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Tomorrowland resident DJ Yves V descends on China

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As the number of nightclubs in Kunming continues to grow, so too do the range of live music options. Bands from the China's east coast and abroad seem to have a rekindled interest in the Spring City, and this is true of DJs as well. Add Yves V — currently voted one of the world's top 100 DJs — to this growing list.

Yves V is the stage name of Belgian-born Yves Van Geertsom. For the past decade he has made a name from himself spinning records around the world. He is currently a resident at Tomorrowland — one of the largest electronic dance music gatherings on earth. This year the festival attracted more than 400,000 attendees.

From that lofty scene, Yves V has taken his show on the road and headed east. He will perform Saturday November 10 at Kunming's Wanda Vista Hotel. In the run-up to his performance, GoKunming caught up with Yves V to see what worldwide DJ fame is like and what keeps him returning to the turntables day after day.

GoKunming: Why specialize in the types of music you do? What is it about what you spin that keeps you coming back every day?

Yves V: I am a fan of all kinds of music — from classic rock to old school techno — it all excites me. The music I DJ and produce with my engineer as Yves V is big-room house, what some might also call EDM. But my sound can be a lot less bombastic and a lot more progressive than the typical sounds of that specific genre. I like a variety that keeps me just as excited as the fans are in what I do.

As a main stage Tomorrowland resident, I've been lucky enough to play every year in my home country of Belgium for the best part of a decade. That means I can play a selection of well-known Yves V tracks, classic crowd-pleasers like tracks from The White Stripes, Nirvana, Daft Punk and Moby. But then, this year for example, I also have a great platform to entertain fans that are both old and new in a festival environment, so I premiered my new track live with producer Carta. Variety is the spice of life, and we shouldn't be forced to stick to one thing or be one dimensional to our fans.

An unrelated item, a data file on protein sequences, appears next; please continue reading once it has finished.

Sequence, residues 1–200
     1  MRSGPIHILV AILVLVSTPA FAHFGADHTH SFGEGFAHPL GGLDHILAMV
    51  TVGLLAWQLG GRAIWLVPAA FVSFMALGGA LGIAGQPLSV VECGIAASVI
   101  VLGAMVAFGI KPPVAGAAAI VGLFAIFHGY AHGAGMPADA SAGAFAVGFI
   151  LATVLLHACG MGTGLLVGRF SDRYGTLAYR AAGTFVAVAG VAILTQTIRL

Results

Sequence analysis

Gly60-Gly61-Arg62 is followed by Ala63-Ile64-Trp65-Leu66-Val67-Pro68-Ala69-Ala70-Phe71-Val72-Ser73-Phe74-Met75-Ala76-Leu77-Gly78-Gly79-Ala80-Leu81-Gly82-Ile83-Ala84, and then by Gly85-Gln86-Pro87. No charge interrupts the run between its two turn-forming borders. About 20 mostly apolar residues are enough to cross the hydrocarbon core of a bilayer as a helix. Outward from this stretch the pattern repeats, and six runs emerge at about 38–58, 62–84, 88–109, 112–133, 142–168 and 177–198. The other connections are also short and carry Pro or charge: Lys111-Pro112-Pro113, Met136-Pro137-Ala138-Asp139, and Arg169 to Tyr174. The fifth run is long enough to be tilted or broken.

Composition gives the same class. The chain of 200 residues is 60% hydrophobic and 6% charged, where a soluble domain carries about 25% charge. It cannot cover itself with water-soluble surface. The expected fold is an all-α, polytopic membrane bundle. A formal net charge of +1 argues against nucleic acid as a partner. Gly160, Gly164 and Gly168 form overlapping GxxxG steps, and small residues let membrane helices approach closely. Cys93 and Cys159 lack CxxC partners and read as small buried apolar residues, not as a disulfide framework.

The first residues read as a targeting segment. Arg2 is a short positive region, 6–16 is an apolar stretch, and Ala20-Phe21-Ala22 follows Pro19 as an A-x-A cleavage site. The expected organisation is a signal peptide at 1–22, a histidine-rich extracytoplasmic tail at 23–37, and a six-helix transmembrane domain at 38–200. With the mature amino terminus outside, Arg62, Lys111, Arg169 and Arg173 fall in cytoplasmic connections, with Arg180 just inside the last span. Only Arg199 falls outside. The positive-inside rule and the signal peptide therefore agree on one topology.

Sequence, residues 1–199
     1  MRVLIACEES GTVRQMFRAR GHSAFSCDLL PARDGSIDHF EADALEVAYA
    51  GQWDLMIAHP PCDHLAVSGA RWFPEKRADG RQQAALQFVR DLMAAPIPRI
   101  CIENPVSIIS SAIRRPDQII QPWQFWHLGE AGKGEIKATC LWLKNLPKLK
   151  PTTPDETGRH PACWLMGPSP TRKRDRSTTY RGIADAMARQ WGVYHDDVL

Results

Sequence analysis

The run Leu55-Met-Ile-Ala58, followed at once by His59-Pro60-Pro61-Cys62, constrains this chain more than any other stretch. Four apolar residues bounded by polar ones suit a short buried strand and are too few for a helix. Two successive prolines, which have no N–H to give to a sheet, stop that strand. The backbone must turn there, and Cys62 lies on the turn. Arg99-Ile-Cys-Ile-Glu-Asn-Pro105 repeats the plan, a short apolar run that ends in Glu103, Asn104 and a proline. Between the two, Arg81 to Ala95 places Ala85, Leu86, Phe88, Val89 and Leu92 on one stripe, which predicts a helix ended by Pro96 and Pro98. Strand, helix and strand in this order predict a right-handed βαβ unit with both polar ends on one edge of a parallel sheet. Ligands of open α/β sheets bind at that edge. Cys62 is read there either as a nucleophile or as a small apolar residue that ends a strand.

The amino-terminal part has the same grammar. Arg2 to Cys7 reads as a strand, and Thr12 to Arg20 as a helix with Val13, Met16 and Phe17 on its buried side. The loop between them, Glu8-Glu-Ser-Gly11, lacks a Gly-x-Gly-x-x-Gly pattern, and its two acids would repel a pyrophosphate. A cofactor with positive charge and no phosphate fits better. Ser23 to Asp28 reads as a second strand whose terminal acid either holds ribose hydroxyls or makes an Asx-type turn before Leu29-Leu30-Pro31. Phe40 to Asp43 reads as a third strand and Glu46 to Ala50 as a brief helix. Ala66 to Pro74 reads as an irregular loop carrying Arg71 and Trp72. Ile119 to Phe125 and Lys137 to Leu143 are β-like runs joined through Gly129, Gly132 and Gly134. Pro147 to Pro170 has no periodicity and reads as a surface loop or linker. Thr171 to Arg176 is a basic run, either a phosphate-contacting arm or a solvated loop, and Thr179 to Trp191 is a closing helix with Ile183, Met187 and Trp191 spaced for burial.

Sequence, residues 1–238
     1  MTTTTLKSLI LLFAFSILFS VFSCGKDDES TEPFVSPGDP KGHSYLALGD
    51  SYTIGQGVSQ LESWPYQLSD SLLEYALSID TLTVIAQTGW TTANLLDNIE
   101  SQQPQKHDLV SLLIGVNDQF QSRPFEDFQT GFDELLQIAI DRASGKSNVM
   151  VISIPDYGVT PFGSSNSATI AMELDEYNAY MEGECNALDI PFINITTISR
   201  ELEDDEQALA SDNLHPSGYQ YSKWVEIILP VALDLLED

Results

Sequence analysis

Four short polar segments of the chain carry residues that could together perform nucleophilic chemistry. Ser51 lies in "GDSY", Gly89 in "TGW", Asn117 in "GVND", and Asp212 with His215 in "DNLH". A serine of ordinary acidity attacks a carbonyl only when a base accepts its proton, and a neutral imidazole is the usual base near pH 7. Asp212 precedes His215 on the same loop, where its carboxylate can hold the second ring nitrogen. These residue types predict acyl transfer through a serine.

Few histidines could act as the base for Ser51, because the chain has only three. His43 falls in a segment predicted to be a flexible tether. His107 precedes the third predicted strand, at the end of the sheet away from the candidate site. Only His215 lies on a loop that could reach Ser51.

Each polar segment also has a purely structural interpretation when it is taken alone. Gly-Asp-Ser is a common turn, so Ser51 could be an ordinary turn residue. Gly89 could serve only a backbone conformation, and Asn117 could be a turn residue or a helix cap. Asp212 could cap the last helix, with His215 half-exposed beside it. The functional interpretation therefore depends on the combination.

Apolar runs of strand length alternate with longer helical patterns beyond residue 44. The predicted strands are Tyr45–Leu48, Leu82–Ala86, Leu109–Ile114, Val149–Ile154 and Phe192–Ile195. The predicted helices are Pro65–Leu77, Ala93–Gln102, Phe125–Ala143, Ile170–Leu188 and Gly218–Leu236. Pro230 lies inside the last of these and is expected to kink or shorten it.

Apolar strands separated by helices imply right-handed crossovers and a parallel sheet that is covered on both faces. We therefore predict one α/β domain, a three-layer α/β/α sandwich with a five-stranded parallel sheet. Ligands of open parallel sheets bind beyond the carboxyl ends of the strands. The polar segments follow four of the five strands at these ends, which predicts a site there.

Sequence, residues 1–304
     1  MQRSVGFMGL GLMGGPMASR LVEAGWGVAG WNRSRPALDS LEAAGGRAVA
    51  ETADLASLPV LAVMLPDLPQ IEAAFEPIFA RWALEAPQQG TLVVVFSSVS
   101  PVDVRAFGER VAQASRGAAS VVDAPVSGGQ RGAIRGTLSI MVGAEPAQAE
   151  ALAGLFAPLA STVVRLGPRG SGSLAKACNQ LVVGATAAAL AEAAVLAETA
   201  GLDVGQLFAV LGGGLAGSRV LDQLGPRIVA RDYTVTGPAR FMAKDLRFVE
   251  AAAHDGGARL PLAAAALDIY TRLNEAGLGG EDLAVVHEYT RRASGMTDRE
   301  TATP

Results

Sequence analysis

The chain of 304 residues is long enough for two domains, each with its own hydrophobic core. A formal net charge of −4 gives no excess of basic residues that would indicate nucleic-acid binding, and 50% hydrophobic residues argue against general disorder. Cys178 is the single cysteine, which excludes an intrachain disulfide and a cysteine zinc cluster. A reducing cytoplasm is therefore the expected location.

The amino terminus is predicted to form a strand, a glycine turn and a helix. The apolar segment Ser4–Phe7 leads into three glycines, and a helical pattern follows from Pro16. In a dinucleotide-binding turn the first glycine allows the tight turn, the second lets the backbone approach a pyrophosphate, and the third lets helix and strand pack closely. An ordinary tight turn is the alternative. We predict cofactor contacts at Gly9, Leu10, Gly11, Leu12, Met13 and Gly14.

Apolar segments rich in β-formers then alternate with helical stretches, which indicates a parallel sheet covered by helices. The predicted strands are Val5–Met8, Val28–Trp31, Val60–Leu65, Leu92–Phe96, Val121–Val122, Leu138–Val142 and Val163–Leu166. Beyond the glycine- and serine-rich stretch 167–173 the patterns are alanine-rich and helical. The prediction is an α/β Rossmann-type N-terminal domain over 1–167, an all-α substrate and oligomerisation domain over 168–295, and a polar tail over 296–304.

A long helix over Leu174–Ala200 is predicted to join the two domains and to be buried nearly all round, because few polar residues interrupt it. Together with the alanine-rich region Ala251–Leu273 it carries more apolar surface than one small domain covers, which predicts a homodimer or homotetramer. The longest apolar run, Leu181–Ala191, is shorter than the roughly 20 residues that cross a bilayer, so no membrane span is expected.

GK: We all grow up with this idea in our heads of what a music star is. As you travel and make a bigger name for yourself, is the stereotype you had as a kid coming true for you?

Yves V: It is strange because I get to play to all these huge crowds all over the world and experience the most amazing cultures, so I guess yes, in that sense. But I don't fly on private jets and I have a very modest team around me. So I suppose it seems it on the surface, but it is important for me to stay true to myself and my family, and not get swallowed up by this industry, which can be very demanding.

GK: What do you do to ground yourself? Or perhaps you don't. Basically, how are you dealing with fame?

Yves V: Like I mentioned, I don't fly on private jets, I don't travel with a tour manager a lot of the time and I keep a modest team around me. That is important. It is more like an extended family than a "business" in that sense, although we do all have to work together to make everything run smoothly. My family and loved ones also keep me the same, they wouldn't let me go crazy and my ego get too big, even if I tried [laughs]. I'm grateful and very thankful to be in this industry and to have this as my career.

GK: I've always wondered with successful musical acts, especially my own favorite bands, what drives them to keep going. For a businessperson, it's often pure wealth, for a sports star, it's often striving to be measured up against the best. What is it for you?

Yves V: For me, it is the love of the music and being able to share that with fans from different cultures all over the globe. If it wasn't financially do-able and I couldn't provide for my family via this job, then it wouldn't be possible to execute this as a full-time career. But luckily, dance music is one of the biggest and fastest-growing industries in the world, and I can be a part of that in living out my dream and bringing joy and entertainment to others.